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Advances, Systems and Applications

Enhancing trust transfer in supply chain finance: a blockchain-based transitive trust model

Abstract

Artificial intelligence and blockchain technology have become indispensable in the era of the digital economy, particularly in the field of financial financing. However, when it comes to supply chain finance (SCF), existing models primarily focus on risk identification and credit evaluation, neglecting the critical aspects of trust transfer continuity and reliability within the chain. To address this issue, this paper proposes a blockchain-based transitive trust model for SCF, which ensures seamless trust transfer from core enterprises to bottom suppliers during financing enterprise credit evaluation. The model utilizes multi-layer metrics to calculate the comprehensive trust value of underlying suppliers, serving as the basis for credit delivery. Additionally, the model stores transitive signature receivable warrants on the blockchain and utilizes splittable delivery of warrants to underlying suppliers. The model’s rationality and correctness are verified through experimental analysis, with results demonstrating that the transitive trust model enhances Small and Medium-Sized Enterprises’ (SMEs) trust at the bottom of the supply chain, thus alleviating financing difficulties for SMEs.

Introduction

With the advent of Industry 4.0 and the development of digital technology, the intelligence and automation of enterprise production processes are widely used, and this series of technologies is changing the traditional supply chain operation [1]. In traditional supply chain management, enterprises encounter challenges such as information imbalances, restricted capital flow, and operational inefficiencies, which limit their flexibility and competitiveness [2]. SCF serves as a crucial financial tool to address the capital and liquidity requirements within the supply chain. However, as the number of participants in the supply chain increases, a trust gap emerges among enterprises. While first-tier suppliers can leverage the high credit of core enterprises for financing, this creditworthiness does not extend to lower-tier suppliers at the end of the chain, resulting in a breakdown of trust [3]. Therefore, it is of utmost importance to enhance trust among all participants in the supply chain financing network and alleviate the problem of trust deficit within the chain.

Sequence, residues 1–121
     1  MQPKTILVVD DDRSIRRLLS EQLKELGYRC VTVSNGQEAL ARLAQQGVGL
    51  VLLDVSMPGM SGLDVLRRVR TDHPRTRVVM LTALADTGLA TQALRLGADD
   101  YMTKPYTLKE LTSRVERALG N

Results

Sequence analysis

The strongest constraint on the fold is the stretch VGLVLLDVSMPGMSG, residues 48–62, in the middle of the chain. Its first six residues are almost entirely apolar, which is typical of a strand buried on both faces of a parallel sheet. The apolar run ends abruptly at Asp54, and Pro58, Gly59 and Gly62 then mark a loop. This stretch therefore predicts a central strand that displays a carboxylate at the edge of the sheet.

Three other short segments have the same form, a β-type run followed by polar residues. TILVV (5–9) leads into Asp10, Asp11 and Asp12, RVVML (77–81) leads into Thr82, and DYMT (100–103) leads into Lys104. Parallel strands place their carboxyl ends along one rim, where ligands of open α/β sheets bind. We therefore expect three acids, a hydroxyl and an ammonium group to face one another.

Currently, the application of artificial intelligence technology provides more accurate decision support in the field of supply chain financing, and edge computing allows us to push computing power and data processing to the edges of IoT devices and sensors for real-time monitoring and data collection. Wu et al. [4]proposed a popularity-aware and diversity-based Web API recommendation method based on correlation graphs, while Qi et al. [5] introduced a personalized and compatible Web API recommendation method based on correlation graphs. These methods enable personalized recommendation services for each participant in SCF, facilitating better matching of funding needs and cooperation opportunities among supply chain parties. Wang et al. [6] proposed an accuracy-enhanced group recommendation method based on DEMATEL, which can achieve more accurate user group recommendation in the SCF platform. Regarding data query and management in SCF, Dai et al. [7] presented a Bloom Filter-based multi-collection membership testing method, Yang et al. [8] employed a deep Q-network for task offloading to enhance the efficiency of multimedia data analysis, and He et al. [9] implemented the EDIndex method for fast data query in an edge storage system. These approaches provide efficient data management support for SCF platforms.In terms of resource management, Xu et al. [10] explored a multimedia vehicle network resource reservation method based on traffic flow prediction, which provides a practical solution for logistics scheduling and resource management in SCF, and Jia et al. [11] proposed a convolutional neural network-based resource optimization method for supply chain management in edge computing environment to improve resource utilization efficiency and performance. Furthermore, Li et al. [12] developed a knowledge-driven anomaly detection framework that helps to improve the security and reliability of SCF systems. Xu et al. [13] used Canopy and K-medoids to initially classify suppliers, and then deployed back-propagation neural networks to evaluate the reputation of suppliers to improve the reliability and efficiency of supply chain by fostering increased trust.